Colombians march in Madrid to support protests in their homeland

Colombians march in Madrid to support protests in their homeland


Thousands of Colombians living in Madrid marched on Saturday (May 15) to protest against the Colombian government under President Ivan Duque and the police violence used to suppress street protests in the Andean country.

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Thousands of Colombians living in Madrid marched on Saturday (May 15) to protest against the Colombian government under President Ivan Duque and the police violence used to suppress street protests in the Andean country.

The protesters waved Colombian flags and sang slogans to demand solidarity with their people. Colombians took Madrid’s Gran Via street and walked for hours.

“We want to support all of our people in Colombia who are mistreated and murdered because they fight for fundamental rights,” said 52-year-old Colombian Maria Eugenia Rojas, who has lived in Madrid for 14 years.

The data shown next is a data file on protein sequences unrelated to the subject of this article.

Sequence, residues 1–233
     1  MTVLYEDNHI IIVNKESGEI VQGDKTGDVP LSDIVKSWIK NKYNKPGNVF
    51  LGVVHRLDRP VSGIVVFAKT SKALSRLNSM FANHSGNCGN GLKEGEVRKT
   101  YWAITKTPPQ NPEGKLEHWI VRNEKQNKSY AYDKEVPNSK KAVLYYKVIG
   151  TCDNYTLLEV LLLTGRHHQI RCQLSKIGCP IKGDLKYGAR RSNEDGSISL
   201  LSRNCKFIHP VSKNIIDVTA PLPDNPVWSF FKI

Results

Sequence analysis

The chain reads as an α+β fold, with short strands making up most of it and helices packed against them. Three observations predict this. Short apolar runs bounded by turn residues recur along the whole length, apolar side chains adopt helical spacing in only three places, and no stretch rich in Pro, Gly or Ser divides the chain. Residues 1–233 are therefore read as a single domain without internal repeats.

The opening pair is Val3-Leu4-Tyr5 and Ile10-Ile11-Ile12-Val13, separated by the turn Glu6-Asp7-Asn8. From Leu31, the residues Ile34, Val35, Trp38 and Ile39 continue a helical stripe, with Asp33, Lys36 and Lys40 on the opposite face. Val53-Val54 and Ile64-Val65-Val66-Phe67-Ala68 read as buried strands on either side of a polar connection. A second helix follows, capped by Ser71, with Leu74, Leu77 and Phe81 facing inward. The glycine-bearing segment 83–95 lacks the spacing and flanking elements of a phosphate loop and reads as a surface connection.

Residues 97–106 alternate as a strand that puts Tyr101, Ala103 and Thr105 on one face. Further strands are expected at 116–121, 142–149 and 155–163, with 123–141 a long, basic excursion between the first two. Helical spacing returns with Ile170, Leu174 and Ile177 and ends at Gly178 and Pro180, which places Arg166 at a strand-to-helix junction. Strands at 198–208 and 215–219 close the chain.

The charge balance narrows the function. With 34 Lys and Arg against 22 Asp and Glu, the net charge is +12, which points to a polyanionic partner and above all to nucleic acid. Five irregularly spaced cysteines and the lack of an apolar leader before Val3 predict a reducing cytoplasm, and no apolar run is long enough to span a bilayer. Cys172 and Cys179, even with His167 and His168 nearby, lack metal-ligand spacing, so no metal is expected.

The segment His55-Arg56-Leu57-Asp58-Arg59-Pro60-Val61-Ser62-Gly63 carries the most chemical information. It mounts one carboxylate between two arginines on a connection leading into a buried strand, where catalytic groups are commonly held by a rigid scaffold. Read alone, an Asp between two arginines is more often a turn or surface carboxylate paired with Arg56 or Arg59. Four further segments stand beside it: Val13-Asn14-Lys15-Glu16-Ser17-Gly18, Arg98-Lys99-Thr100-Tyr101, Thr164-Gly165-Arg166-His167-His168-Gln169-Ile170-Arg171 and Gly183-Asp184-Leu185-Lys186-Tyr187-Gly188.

Demosnstartions in Colombia started last week. They were fueled by outrage over the government’s plan to increase sales taxes. This proposal has been canceled, but the protesters’ demands now include a basic income and the withdrawal of a long-debated health care reform that opponents believe is too vague to correct inequalities.

Protesters who originally called for demonstrations against a tax plan that has since been canceled have expanded their demands to include a basic income, an end to police violence, education and jobs for young people.

The death toll from protests is controversial. The Human Rights Ombudsman is investigating 41 civilian deaths, while the Attorney General’s Office has confirmed 14.

Colombians are the largest group of Latin American immigrants in Spain, where 63,762 are registered. Many fear for their families and loved ones at home.

(With contributions from agencies)

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